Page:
(San Jose, California) Last month, it was reported that a burglary of two computers from the San Jose Medical Group resulted in the loss of the names, addresses, Social Security numbers, and billing codes for as many as 185,000 patients. Besides the obvious crime of burglary, I commented that the perpetrators could be liable for penalties under the provisions of the federal Healthcare Insurance Portability and Accountability Act (HIPAA). Well, according to the San Francisco Chronicle, HIPAA penalties are probably the least of the concerns for the burglar.
A former branch manager at a San Jose medical group has been charged with stealing the confidential records of nearly 185,000 patients -- mostly South Bay residents, authorities reported.
The San Jose incident is one of the nation's largest cases of personal data theft, even bigger than the highly publicized case of ChoicePoint, in which the personal information of 145,000 people was sold to an identity theft ring posing as a legitimate business in September 2004.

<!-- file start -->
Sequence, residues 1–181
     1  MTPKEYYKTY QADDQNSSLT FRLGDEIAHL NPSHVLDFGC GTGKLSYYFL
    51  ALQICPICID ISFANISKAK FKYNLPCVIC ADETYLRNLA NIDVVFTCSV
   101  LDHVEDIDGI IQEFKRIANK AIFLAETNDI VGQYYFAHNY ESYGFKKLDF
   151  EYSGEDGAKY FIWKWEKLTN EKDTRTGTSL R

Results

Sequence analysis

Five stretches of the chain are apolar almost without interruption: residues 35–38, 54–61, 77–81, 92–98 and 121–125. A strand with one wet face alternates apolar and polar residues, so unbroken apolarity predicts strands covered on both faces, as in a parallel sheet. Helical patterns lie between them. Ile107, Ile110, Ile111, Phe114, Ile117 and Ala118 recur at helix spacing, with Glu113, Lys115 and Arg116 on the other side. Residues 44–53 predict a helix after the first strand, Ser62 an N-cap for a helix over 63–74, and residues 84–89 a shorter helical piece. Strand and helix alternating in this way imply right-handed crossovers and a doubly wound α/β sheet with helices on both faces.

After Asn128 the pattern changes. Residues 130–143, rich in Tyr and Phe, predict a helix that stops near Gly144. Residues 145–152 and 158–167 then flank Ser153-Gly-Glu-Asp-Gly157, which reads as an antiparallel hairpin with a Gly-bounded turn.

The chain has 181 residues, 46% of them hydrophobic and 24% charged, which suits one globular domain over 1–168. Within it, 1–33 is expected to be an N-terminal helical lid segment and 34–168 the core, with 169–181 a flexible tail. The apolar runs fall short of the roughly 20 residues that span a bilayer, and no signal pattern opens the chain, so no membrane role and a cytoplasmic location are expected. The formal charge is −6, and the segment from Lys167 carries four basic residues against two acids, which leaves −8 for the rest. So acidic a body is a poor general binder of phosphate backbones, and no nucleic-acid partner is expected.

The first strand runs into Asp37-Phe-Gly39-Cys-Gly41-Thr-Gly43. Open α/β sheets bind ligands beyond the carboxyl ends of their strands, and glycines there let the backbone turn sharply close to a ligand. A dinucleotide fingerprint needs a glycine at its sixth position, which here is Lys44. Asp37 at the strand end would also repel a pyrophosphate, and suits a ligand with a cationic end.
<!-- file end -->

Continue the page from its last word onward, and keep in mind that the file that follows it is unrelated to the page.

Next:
The U.S. attorney's office charged Joseph Nathaniel Harris on Friday with stealing two computers and a compact disc that contained patient records from the San Jose Medical Group on March 28, according to a complaint filed in U.S. District Court in San Jose.
It seems that Harris has a history of being a thief who likes to steal computers. He is suspected of offering the stolen computers for sale on Craigslist
. The San Jose Medical Group case broke after Harris was arrested in Campbell, California, on April 15 for auto theft and decided to barter his way to freedom by offering to tell the police about the missing medical data.
Companion post at Interested-Participant.